Once HSPA takes off, this will clearly benefit the cellcos and their suppliers, such as handset makers, and disadvantage vendors that have relied heavily on Wi-Fi and failed in 3G, notably Intel. There will also be fall-out for Wi-Fi hotspot operators, though the most successful of these have also been cellcos such as T-Mobile, which have used hotspots mainly to complement 3G and reduce churn; or aggregators like iPass, which are not exclusively Wi-Fi.
Most hotspot owners and many metrozone operators have struggled to find a successful business model, and Wi-Fi has mainly benefited companies that have used it to promote and enhance another, non-communications brand. Hotels and restaurants have been prime movers, and Bergendahl went as far as to accuse hotel owners of artificially helping the Wi-Fi industry, "They would never admit it, but I think hotels are stopping the mobile radio signals. They see data access as a business opportunity," he said.
HSPA in the laptop
Since most broadband data applications are not used while fully mobile, but in a nomadic way – wherever the user chooses to sit down – the laptop is currently the key driver of HSPA usage, as it was for Wi-Fi and will be for WiMAX. As 3G and HSPA are increasingly embedded in the notebook, Wi-Fi becomes less relevant. Ericsson itself is working on embedded HSPA with PC makers like Lenovo, and Qualcomm threw down its most serious gauntlet yet to Intel with the launch of Gobi, an embedded product that can be configured in software to work with W-CDMA or CDMA2000 (and other networks in future) in different frequencies, and regardless of specific operator. This takes 3G a major step towards the carrier-agnostic, universal access dream that Wi-Fi was chasing.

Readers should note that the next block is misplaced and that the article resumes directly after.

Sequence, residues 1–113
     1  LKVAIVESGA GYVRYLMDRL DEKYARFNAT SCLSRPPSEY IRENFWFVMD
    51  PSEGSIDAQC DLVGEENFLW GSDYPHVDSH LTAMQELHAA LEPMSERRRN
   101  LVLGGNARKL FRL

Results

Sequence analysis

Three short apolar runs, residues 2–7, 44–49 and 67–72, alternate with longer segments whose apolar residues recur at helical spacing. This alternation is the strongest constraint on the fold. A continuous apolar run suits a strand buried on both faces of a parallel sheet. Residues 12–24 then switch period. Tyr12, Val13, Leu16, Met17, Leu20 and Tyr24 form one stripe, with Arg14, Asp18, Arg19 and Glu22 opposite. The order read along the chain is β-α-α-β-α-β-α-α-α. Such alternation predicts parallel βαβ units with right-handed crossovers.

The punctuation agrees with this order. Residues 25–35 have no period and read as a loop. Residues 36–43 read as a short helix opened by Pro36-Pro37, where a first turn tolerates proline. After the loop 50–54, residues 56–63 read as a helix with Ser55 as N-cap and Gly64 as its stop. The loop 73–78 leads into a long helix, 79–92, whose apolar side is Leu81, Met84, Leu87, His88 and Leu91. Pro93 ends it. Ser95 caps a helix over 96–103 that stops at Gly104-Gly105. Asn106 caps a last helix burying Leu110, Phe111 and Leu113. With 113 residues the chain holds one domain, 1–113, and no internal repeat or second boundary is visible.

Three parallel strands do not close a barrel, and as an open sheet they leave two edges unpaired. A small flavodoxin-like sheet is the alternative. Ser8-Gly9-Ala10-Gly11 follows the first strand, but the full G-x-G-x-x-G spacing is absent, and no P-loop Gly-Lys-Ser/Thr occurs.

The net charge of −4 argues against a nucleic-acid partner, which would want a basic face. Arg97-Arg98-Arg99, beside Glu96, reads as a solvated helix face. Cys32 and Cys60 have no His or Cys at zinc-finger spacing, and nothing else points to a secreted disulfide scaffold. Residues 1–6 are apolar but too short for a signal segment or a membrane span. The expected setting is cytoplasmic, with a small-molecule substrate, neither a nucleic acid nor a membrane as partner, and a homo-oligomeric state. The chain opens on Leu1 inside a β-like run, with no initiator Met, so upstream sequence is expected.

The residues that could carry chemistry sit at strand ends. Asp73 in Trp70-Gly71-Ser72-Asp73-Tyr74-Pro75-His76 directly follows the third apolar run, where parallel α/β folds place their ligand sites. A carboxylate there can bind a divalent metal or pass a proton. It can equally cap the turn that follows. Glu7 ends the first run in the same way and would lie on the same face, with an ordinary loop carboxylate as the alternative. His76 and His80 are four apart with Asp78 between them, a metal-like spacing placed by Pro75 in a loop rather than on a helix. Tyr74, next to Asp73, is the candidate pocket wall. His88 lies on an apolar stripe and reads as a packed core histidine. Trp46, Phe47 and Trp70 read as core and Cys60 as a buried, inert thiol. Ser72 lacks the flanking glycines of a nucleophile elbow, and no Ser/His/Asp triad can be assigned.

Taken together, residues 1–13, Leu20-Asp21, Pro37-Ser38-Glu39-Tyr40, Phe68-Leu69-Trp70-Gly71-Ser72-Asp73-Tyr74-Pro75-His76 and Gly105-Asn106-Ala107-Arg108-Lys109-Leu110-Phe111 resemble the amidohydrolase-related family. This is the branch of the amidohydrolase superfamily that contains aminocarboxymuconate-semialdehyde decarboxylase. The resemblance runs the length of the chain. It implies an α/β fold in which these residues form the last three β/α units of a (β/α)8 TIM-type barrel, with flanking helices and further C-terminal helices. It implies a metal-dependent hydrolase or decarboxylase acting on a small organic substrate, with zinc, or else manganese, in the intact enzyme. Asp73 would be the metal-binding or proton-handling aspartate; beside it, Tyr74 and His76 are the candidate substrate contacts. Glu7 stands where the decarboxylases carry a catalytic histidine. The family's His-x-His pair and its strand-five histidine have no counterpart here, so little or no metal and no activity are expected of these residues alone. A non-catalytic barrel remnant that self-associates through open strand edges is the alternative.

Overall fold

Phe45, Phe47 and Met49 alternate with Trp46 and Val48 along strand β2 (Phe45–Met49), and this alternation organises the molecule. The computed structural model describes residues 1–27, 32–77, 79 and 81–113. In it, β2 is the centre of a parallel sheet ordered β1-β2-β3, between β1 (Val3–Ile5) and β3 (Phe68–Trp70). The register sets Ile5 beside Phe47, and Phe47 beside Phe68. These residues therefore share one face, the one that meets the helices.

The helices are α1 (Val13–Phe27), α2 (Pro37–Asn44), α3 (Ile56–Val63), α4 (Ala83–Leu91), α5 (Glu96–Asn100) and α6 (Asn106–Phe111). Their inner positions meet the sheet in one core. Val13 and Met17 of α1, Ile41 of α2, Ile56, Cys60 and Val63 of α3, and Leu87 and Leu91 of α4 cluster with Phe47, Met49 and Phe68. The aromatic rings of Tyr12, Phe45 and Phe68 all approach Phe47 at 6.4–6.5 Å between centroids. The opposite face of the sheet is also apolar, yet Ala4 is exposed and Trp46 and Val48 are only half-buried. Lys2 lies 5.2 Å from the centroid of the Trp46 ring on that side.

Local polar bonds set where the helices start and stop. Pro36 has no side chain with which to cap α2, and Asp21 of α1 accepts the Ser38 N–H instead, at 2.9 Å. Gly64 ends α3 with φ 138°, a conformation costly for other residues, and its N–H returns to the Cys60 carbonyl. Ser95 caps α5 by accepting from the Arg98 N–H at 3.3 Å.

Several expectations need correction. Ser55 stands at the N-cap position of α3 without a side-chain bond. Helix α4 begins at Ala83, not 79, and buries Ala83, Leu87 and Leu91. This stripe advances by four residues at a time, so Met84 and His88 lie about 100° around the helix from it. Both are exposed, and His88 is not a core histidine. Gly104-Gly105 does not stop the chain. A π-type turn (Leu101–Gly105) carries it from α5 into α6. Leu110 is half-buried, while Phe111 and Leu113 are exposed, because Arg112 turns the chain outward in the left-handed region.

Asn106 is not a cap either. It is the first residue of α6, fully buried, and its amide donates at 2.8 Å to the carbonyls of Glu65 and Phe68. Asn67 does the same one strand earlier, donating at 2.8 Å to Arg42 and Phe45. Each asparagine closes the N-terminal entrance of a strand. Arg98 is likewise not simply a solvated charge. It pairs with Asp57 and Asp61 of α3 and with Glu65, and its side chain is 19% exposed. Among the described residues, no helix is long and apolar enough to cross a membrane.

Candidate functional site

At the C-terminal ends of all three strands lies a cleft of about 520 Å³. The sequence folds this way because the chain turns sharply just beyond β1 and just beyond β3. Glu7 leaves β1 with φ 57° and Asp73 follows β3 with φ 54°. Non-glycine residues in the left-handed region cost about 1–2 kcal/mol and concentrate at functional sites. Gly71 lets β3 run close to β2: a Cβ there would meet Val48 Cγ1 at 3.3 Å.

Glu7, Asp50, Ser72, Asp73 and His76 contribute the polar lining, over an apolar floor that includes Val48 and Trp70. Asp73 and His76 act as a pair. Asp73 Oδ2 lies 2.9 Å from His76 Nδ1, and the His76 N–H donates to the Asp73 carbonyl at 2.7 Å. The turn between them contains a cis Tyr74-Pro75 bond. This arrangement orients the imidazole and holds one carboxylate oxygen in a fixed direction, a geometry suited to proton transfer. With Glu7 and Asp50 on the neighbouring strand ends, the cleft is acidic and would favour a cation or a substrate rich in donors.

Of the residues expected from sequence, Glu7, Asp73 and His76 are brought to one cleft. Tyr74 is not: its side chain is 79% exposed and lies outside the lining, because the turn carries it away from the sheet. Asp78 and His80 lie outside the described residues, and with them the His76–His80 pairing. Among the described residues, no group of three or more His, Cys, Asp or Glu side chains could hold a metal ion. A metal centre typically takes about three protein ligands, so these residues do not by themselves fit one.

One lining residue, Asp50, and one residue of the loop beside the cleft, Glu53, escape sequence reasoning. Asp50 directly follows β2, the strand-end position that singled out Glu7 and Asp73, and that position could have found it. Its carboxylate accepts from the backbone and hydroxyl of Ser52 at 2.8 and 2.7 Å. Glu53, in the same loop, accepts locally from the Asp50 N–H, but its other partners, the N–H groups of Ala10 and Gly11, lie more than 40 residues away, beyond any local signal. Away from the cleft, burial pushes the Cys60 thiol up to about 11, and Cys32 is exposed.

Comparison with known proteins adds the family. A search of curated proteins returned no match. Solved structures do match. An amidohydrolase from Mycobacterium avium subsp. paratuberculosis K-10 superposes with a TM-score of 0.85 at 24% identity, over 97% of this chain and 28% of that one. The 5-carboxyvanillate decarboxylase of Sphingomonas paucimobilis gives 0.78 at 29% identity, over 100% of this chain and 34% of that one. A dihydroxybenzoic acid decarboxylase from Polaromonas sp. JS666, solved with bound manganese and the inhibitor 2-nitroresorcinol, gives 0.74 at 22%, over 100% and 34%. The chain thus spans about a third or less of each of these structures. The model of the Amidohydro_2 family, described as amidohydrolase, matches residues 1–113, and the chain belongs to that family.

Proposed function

Embedded 3G has been a key step on the way to making cellular networks a genuinely viable option for the all-important business traveller market, the one on which Wi-Fi laptops made their fortune (even if the operators found it hard to make profit on a data-only model). Unlike them, cellcos, however much pressure their traditional businesses may be under, do have the advantage of brand awareness, still-lucrative voice revenues and multiple service bundling options to cushion the blow of having to grasp the nettle of flat rate pricing and reduced roaming fees.